I used electronic presentations quite a number of times in my Differential Equations classes. The material in these classes is conducive to the use of technology, especially when it comes to applications and graphical representation of data. For example, whenever subject calls for drawing direction fields, I would use computer and projector in class to demonstrate the use of MATLAB dfield6 program. Students are usually very excited in these sessions since they know these are the kinds of exercises they will be asked to complete at home when working on their homework assignments. The use of computer makes it possible to answer students' questions without prior preparation, in "interactive mode", so to speak. This addresses the first question I would like to raise.
Why not use transparencies or other forms of still graphics, one might ask? In my opinion, one clear advantage electronic presentations possess is interactivity. Apart from what has been said earlier, you can also easily take control of the data flow, highlight important things and hide statements you want to show later. Electronic software now offers lots of intelligent ways of organizing one's presentation without going into a necessity of covering part of a transparency with a piece of paper. And let us not forget animations, which would be impossible to reproduce in any way other than by use of computer software.
What does it have to do with teaching mathematics? Let me share some of my personal experience here. I used to do everything on the board with a couple of occasional transparencies. I still dedicate a lot of time to blackboard exercises, but I found that it really helps to take a little break, switch to the electronic materials I have at hand and review important concepts or involve students in analysis of an interactive applet. For example, in my Math251 class when explaining dropping body application, I would load this web applet. We would then go on to discuss the profiles of velocity and position versus time and discover the phenomenon of terminal velocity. After that I would proceed with solving underlying problem on the board and show why indeed such phenomenon takes place. The applet makes the situation really intuitive for the students, so their visual memory and physical experience help them in understanding of the problem and let them avoid the mistakes they would be inclined to make otherwise. It would take me enormous amount of time to stage a similar experiment without technology. Below is a sample screen capture from such a presentation.
Simulations are not the only purpose I use presentations for. I believe most students learn better by repetition, that is, when important concepts are demonstrated over and over again. But how can a teacher organize the material in such a way so as to ensure the students are keeping up with the new topic, dedicate enough time to reviewing old material and still manage to keep the consistency of the course structure? I guess there is no unique answer, the problem of time is universal for all of us, so everyone does what works best for them. I must confess this is still a big issue for me, since you can never predict how students will react to this or that concept, so you end up spending a week explaining things you thought would fit into one lecture. Since I know by experience that such things do happen, I try to save time whenever I can. One thing I found useful is doing a short review at the end of each chapter to summarize the material and identify potential problems before moving to the new topic. I would make some Powerpoint slides to complement the material of a chapter and would go over them in class. Since all materials are available in electronic format, it saves my time and students focus more on the issues being reviewed rather than on copying them to their notebooks. Here are the presentation files in Powerpoint format: Math250Chap1(197K) and PDF format: Math250Chap1(152K)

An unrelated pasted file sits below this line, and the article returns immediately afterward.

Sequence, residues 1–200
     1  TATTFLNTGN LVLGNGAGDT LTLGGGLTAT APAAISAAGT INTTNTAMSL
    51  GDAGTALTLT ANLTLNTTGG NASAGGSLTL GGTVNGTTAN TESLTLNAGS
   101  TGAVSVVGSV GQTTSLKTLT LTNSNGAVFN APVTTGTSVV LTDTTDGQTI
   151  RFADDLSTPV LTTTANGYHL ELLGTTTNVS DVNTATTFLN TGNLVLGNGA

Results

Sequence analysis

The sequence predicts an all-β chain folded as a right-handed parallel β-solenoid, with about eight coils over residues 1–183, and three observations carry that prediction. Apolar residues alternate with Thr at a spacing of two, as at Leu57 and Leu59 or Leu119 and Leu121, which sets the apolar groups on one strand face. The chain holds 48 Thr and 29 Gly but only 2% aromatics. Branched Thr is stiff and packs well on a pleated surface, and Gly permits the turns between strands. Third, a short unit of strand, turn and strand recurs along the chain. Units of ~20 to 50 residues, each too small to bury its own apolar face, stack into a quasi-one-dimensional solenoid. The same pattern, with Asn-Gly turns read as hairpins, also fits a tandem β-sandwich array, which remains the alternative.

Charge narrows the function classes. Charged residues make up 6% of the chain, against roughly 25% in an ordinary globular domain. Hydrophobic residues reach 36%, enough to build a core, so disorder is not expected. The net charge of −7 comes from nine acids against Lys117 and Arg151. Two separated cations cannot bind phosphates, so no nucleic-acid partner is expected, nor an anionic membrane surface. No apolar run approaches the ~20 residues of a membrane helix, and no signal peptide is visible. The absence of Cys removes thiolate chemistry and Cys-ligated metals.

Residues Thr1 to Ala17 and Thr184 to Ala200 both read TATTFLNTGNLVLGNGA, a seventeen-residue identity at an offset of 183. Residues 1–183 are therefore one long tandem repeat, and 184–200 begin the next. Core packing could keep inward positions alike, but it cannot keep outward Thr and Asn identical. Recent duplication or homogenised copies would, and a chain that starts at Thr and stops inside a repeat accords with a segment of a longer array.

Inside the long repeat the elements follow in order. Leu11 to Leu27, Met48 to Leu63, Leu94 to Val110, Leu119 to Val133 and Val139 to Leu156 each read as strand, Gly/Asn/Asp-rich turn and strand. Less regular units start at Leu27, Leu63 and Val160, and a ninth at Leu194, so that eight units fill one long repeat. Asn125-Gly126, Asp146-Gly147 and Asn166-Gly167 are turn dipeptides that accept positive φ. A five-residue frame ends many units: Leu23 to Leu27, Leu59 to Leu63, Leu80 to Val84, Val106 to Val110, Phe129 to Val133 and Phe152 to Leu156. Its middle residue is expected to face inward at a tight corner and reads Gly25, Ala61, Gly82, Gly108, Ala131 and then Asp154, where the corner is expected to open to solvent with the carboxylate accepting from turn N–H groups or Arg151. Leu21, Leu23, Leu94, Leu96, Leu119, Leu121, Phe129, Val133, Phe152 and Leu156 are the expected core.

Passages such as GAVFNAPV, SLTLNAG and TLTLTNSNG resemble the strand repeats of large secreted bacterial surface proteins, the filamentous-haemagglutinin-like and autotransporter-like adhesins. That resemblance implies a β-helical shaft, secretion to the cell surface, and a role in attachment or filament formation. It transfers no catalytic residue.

With all its power technology does have its drawbacks. The major source of troubles for me is the equipment. Some of the rooms I've taught in didn't have all necessary equipment installed, so I had to bring missing items with me every time and make sure they're all connected properly before class starts. Easy as it is, this can be really frustrating in case something goes wrong, so you always need a backup plan. Even in fully equipped rooms there were situations when projector would simply refuse to work. I've never had a chance of teaching in so-called student technology classrooms, where there are as many computers as there are students, but I can imagine it being an even more stressful environment, since instructor is now responsible for the efficient work of the whole class.
The scheme that works best in my opinion is a combination of different teaching strategies, from traditional lecture style teaching to computerized presentations, collaborative problem solving and complex technology-aided group projects. In my opinion, good use of technology is a moderate use of technology, so I alternate all these techniques in order to maximize the efficiency of the overall presentation and to minimize the risk each one of them carries.